China Takes Advantage of Europe's Generosity

What’s not to like when borrowing in a foreign currency is much cheaper than at home? That’s the happy situation for China as it launches another batch of debt deals in euros, repeating its successful foray of last year. Beijing is bringing five-, 10- and 15-year tranches to further build a yield curve in euros.

But this isn’t some covert snub to the U.S. or a judgment on the dollar’s primacy. China raised $6 billion in a four-tranche deal just last month, as it has done annually since 2017.

It’s just so amazingly cheap to fund in euros that it would seem foolish not to. The backdrop is a European Central Bank that’s hoovering up bonds in its quantitative easing program and which has a -0.5% deposit rate. China will only have to offer a negative yield for the new five-year tranche; even the 15-year note will be below 0.75%. This compares very favorably to the 3.15%-3.55% yields on comparable domestic notes in yuan, which have been rising steadily since the summer. 

China Takes Advantage of Europe's Generosity

China’s euro-denominated bonds aren’t eligible for purchase by the ECB, which does have an impact in the secondary market. Credit spreads — the premium charged above benchmark European government debt — widened on last year’s notes. 

But this new raft of issuance has enlivened investor interest, allowing the lead managers on the sale to tighten the indicated spreads to below those on the 2019 debt. Given the aggressive pricing, the overall order book may not reach the 20 billion euros ($23.7 billion) of demand on last year’s sale, when 4 billion euros was raised across seven-, 12- and 20-year maturities.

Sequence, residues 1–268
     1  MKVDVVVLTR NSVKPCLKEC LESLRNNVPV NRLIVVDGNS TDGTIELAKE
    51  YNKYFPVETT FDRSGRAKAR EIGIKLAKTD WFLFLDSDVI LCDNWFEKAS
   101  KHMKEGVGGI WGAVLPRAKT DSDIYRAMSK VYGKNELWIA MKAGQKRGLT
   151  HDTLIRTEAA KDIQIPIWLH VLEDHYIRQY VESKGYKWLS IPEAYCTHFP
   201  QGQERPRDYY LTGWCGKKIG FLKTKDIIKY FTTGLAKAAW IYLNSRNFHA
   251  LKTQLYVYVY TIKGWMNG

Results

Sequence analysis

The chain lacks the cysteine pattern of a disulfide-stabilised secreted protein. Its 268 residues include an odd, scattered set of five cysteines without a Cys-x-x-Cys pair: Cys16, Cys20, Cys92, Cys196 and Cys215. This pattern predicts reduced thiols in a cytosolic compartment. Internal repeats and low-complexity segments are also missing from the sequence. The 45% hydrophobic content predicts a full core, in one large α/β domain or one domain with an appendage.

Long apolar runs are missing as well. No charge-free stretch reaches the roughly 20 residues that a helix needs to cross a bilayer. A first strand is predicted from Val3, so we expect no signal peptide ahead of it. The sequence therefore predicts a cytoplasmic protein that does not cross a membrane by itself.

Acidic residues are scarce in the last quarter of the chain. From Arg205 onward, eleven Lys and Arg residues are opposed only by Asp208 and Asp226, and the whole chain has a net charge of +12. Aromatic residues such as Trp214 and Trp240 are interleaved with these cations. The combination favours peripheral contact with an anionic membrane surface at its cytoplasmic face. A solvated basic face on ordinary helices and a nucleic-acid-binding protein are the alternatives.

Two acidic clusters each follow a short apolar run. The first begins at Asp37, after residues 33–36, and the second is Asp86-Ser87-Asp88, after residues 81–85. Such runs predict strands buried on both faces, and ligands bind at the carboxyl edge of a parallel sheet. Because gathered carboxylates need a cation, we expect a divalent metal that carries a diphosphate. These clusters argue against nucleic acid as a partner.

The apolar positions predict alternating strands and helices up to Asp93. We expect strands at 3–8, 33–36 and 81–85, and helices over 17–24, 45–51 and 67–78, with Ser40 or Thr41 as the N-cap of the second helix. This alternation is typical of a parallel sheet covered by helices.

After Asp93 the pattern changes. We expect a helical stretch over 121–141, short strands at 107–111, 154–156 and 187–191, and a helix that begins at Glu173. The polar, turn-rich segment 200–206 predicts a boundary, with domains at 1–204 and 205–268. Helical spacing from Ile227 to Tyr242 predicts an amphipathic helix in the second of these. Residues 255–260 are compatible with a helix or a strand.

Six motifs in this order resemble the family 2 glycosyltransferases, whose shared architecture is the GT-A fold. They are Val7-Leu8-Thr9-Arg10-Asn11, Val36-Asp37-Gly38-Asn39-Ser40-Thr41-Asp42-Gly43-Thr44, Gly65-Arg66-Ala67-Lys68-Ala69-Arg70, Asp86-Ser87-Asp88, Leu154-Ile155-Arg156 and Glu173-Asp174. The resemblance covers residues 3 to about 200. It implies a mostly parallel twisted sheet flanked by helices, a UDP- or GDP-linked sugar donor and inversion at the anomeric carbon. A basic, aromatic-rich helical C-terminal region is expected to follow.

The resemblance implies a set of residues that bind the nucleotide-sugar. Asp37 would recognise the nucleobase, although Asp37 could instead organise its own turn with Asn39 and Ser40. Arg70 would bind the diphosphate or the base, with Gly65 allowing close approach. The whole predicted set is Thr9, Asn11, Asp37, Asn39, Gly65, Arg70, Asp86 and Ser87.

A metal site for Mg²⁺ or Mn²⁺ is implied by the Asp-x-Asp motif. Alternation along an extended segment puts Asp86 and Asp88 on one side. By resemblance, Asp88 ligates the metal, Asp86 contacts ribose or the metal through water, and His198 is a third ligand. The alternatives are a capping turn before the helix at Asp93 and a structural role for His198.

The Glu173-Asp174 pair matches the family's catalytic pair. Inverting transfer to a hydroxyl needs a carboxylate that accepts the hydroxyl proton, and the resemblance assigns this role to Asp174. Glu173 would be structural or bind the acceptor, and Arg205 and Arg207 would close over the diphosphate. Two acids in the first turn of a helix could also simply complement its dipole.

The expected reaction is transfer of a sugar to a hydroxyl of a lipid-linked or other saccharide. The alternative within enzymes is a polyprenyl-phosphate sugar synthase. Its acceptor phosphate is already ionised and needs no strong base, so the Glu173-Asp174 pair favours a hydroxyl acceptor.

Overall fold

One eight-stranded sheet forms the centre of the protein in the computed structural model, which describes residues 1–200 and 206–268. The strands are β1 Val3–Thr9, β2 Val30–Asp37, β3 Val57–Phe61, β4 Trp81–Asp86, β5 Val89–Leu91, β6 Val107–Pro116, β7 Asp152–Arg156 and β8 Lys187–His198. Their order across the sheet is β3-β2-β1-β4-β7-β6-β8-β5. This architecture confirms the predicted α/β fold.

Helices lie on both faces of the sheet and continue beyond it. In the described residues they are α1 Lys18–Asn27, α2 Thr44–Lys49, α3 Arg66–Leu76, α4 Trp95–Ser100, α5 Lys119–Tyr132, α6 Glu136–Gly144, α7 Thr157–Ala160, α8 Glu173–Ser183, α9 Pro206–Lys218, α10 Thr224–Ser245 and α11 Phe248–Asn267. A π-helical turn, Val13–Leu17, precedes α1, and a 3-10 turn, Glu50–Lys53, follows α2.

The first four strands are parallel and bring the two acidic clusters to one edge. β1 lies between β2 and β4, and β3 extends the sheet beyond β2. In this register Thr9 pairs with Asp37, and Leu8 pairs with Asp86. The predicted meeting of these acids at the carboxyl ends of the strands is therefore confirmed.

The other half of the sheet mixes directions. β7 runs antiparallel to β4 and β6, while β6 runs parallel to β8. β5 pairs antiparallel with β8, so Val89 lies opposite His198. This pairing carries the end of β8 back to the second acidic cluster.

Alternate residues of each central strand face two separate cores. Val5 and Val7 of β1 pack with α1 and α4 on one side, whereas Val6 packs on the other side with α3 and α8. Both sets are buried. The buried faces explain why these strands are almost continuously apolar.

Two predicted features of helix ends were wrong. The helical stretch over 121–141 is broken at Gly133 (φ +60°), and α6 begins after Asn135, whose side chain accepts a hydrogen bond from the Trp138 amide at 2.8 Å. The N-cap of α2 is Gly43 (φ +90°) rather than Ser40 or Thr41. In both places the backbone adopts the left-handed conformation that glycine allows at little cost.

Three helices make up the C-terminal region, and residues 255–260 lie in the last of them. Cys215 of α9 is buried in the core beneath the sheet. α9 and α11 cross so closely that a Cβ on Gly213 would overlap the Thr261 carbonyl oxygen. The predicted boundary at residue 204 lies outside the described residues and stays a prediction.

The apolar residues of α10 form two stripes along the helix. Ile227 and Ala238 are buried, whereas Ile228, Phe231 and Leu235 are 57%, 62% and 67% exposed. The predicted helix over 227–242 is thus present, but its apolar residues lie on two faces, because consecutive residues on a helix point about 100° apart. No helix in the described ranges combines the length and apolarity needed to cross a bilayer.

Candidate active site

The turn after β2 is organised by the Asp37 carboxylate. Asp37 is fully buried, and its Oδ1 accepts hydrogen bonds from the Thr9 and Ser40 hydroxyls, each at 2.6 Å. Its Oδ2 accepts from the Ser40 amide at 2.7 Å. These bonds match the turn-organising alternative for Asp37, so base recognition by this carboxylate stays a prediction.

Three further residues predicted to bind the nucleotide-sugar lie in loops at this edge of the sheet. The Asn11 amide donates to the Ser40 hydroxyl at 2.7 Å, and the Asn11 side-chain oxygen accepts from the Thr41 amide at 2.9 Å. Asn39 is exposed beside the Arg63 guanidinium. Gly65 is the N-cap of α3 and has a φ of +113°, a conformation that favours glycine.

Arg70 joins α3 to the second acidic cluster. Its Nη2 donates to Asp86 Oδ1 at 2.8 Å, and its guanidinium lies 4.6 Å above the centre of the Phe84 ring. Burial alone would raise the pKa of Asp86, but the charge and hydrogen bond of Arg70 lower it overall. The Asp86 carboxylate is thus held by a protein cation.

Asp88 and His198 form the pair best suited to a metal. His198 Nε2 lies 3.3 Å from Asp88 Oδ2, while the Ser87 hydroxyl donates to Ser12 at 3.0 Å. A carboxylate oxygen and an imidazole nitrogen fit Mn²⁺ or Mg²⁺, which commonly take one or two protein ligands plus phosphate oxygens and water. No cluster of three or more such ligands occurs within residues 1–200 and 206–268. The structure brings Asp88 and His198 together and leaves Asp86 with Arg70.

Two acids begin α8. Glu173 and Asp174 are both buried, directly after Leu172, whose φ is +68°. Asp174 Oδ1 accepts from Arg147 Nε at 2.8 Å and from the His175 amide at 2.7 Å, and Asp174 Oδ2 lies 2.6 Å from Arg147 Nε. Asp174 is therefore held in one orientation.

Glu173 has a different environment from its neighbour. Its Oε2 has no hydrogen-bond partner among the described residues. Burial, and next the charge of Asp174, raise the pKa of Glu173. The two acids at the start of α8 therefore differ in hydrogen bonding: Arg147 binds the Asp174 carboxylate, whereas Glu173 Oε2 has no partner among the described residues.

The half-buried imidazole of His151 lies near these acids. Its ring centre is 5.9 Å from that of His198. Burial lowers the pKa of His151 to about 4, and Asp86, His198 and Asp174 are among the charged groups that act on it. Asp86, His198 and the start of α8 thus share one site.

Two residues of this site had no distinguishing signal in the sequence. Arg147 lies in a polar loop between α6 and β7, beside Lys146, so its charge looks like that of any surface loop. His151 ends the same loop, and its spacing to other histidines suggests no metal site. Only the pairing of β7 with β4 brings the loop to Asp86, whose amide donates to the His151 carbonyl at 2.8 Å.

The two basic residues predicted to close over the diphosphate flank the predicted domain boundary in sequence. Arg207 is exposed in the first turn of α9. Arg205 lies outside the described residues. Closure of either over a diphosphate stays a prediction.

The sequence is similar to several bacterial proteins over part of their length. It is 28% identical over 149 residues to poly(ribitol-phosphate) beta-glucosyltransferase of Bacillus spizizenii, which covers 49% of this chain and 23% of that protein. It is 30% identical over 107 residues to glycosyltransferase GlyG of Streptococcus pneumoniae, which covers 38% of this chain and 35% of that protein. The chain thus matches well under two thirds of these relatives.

China Takes Advantage of Europe's Generosity

The yuan is at its strongest level in two years and China has foreign exchange reserves in excess of $3 trillion, so these foreign borrowing exercises are really about diversifying its international investor base. There was a lot of European interest last year.

Italy made similar moves this week to maintain its international following, with a dollar issue, but it paid a price. The $3 billion five-year deal had a 1.3% yield, which is more expensive than where Italy funds in euros (very close to zero for five-year debt). Nonetheless, Rome will be pleased its order book was more than three times covered, showing it still has U.S.-based demand.

This is what these foreign currency sovereign deals are about: national marketing. China’s sale opens the door for its companies to access the euro bond market, as it’s useful to have a sovereign benchmark for price comparisons. The dollar bond market for Chinese corporates, usually priced out of Hong Kong, is still 20 times larger than the one for euros, so there’s room to go further. Especially when China is rewarded for building its brand courtesy of the euro area’s incredibly low rates. 

This column does not necessarily reflect the opinion of the editorial board or Bloomberg LP and its owners.

Marcus Ashworth is a Bloomberg Opinion columnist covering European markets. He spent three decades in the banking industry, most recently as chief markets strategist at Haitong Securities in London.

©2020 Bloomberg L.P.

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